What is a Business Associate Agreement?
HIPAA requires Covered Entities to enter into contracts called Business Associate Agreements, or BAAs, with their Business Associates to ensure that the Business Associate will safeguard their PHI. The BAA spells out the permissible uses and disclosures of PHI based on the relationship between the parties and the services being performed by the Business Associates. The BAA includes many of the requirements under the Privacy Rule, the Security Rule, and the Breach Notification Rule. Progress provides you with a Business Associate Agreement to protect your data and help conform to your business’s HIPAA compliance program.
What does Progress do to comply with HIPAA and all these rules?
To comply with HIPAA, Progress operates highly secure computing environments in its corporate offices, development environments, and production cloud products. Each of these areas are equipped with security technologies, processes, and people needed to protect sensitive information. The Progress Internal Audit team audits use of security solutions and processes, evaluated by annual SOC2 assessments and validated by annual HIPAA audits. Copies of the SOC2 assessments and audit reports are available to our customers upon request. Progress corporate administration and human resources functions are also audited for HIPAA compliance on an annual basis.
Does having a BAA with Progress ensure my organization’s compliance with HIPAA?
Not by itself. Entering into a BAA with Progress means Progress will comply with its obligations with HIPAA in its relationship with your organization, but the BAA by itself does not create an adequate compliance program for your organization or provide corporate policies enough to meet all your organization’s required obligations under HIPAA.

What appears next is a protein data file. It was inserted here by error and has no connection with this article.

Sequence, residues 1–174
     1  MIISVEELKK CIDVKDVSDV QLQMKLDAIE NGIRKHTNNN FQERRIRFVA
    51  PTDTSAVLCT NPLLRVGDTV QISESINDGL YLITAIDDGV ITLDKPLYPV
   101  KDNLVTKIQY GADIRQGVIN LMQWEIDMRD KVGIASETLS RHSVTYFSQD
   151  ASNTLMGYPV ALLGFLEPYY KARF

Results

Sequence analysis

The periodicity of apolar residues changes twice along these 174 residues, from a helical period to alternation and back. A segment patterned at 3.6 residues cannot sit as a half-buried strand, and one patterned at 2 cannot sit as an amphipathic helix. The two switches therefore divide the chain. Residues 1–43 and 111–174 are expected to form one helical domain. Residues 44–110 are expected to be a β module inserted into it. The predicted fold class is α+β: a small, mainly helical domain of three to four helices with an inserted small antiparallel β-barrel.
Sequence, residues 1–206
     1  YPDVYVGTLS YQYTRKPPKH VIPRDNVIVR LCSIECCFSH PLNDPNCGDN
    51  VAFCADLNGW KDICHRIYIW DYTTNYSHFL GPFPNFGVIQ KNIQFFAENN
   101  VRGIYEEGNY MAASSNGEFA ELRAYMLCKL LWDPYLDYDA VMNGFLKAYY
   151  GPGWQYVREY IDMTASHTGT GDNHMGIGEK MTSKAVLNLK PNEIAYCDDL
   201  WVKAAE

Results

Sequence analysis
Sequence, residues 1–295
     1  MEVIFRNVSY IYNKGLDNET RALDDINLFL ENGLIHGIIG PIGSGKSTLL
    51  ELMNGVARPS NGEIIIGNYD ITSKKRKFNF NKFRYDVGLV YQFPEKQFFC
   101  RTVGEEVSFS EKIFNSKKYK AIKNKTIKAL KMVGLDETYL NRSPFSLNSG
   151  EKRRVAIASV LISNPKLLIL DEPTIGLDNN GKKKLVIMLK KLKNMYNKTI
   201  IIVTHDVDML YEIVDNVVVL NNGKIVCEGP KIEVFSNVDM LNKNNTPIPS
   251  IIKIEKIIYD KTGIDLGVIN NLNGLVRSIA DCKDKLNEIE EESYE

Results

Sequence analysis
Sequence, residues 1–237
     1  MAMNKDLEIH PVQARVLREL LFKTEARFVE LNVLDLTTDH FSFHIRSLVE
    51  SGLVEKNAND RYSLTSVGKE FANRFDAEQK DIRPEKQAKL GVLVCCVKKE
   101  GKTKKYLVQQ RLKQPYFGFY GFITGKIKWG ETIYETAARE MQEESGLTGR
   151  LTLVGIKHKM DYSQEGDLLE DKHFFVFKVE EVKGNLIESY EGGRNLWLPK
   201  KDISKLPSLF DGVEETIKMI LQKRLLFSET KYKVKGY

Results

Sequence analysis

Can my organization modify the BAA with Progress?
Progress’ BAA meets statutory requirements and ensures that certain products made available to Covered Entities are compliant with HIPAA privacy and security, so as a result there should be no need to modify the BAA.
What Progress products are covered by the BAA?
The BAA covers Progress products aimed at specifically assisting customers in the healthcare industry. These products presently include our Kinvey / Progress Health Cloud offerings. Each are HIPAA-compliant. We anticipate achieving HIPAA compliance with our NativeChat solution in 2019.
What is unique about Progress’ security practices?
Security is part of everyone's responsibility at Progress. From development to production, employees across all areas of the company are charged with incorporating security into their duties. Whether it is physical security of their work areas, secure coding during the development process, network security, cloud security, or participating in audits, keeping our environment and our products safe is part of everyone's job.
If you have comments or questions about this Policy, you may contact us by mail e-mail (Privacy@progress.com) or by regular mail at:
PSC Data Protection Officer
15 Wayside Rd, Suite 400
Burlington, MA 01803